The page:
However it was nominee Deborah Kerr that should have won the Oscar for her outstanding performance in "The Sundowners" that year. She was wonderful in the role and due to win.

It is now common knowledge that Elizabeth Taylor got a sympathy win in "BUtterfield 8" for a performance that she herself didn't care for.

 

Mongo

 

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Hey Spence!

 

Not that this is directly related to your post, but I just wanted to say that I liked the TCM music for the Oscar movies.

:)

 

Carry on.

 

*Write back, Stranger*

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Barbara Stanwyck is the best actress who never won an Oscar, there's too much great performances she gave for me to list.

 

Nina Mae McKinney in Hallelujah. King Vidor got nominated but it was her who did the work.

 

Myrna Loy gave many good performances. Never won. Too many titles to list.

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To jposkitt & all, great to see you on here!!!

& in regard to this very topic. The special Hollywood issue of Vanity Fair magazine has a superbly drawn caricature of folks whom never won an ACADEMY AWARD-(Edward G., Stanwyck, Garbo, Garfield, Dietrich, Hitchcock & sev. others-(P.S. though they really dropped the ball in not including Myrna Loy?) It's a great issue though & most should check it out!

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I've always thought that Bette Davis should have won for Of Human Bondage, and that she was therefore a sentimental favorite for Dangerous the following year, which she won. Similarly, Liz Taylor was more deserving of an Oscar in Suddenly Last Summer, but instead won the following year for Butterfield 8, again a possible sentimental choice for being overlooked the previous year.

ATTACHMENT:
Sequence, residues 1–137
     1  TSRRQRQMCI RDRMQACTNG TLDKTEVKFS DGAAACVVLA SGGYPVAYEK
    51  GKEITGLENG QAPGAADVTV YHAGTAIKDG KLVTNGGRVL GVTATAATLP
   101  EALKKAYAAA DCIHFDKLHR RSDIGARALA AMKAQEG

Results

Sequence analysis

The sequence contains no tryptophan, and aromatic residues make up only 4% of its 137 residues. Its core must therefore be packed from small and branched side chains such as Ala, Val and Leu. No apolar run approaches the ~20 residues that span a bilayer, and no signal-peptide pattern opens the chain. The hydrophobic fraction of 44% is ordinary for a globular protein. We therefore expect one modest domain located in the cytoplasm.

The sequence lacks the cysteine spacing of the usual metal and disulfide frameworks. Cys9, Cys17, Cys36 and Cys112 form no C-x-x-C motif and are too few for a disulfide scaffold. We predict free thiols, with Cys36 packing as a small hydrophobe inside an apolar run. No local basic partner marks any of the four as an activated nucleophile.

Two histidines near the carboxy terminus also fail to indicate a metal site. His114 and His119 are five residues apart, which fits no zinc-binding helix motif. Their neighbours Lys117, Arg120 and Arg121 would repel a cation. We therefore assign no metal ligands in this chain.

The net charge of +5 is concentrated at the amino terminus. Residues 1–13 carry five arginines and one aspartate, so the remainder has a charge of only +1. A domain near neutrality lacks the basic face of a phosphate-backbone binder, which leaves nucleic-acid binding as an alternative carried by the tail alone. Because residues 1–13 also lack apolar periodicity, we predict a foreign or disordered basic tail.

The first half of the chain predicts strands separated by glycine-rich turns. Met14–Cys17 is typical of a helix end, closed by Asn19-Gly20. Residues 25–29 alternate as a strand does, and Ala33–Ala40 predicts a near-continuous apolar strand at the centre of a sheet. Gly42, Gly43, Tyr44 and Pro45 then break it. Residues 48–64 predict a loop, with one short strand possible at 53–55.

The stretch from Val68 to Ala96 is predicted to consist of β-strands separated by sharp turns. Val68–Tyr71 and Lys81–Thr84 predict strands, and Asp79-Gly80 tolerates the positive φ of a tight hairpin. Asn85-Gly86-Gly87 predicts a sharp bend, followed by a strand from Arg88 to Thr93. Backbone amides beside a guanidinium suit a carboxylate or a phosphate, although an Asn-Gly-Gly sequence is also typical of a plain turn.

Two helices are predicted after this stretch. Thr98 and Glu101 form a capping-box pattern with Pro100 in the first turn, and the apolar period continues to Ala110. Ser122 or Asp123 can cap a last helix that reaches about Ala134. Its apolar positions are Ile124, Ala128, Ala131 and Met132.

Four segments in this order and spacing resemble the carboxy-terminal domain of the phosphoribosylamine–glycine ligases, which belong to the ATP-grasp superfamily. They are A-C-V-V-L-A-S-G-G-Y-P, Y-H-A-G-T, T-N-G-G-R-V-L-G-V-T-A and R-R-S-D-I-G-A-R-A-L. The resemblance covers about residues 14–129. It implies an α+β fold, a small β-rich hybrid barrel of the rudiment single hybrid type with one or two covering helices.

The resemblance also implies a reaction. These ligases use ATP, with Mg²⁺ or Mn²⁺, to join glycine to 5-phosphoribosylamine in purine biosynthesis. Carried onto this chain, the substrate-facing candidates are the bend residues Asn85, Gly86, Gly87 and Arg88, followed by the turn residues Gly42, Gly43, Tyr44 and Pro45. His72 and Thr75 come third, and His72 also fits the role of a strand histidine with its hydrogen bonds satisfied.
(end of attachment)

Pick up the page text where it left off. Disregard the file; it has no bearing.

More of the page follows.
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To lux, a lotta' controversy still surrounds her not even winning what would have been Davis' very 1st of all 10 leading actress nods. for "0f Human Bondage" (1934) It has mainly to do with her then boss Jack L. Warner. He didn't want her to do the picture & it was not a Warner Bros. release either. However, most on here know of her strong-will vs. WB's way back then-(though *Cagney was about the 1st to "strike")

Given she obviously did indeed do the film, he then alledgedly put the word out to all in the AMPAS, that Davis was not permitted to even be nominated for a role she deserved-(in my view anyway) to even win & in a walk. & of course, she was ignored for-it.

For '34

*Claudette Colbert in "It Happened 0ne Night"-(of course won)

Norma Shearer, "Barretts of Wimpole Street"

Grace Moore, "0ne Night of Love"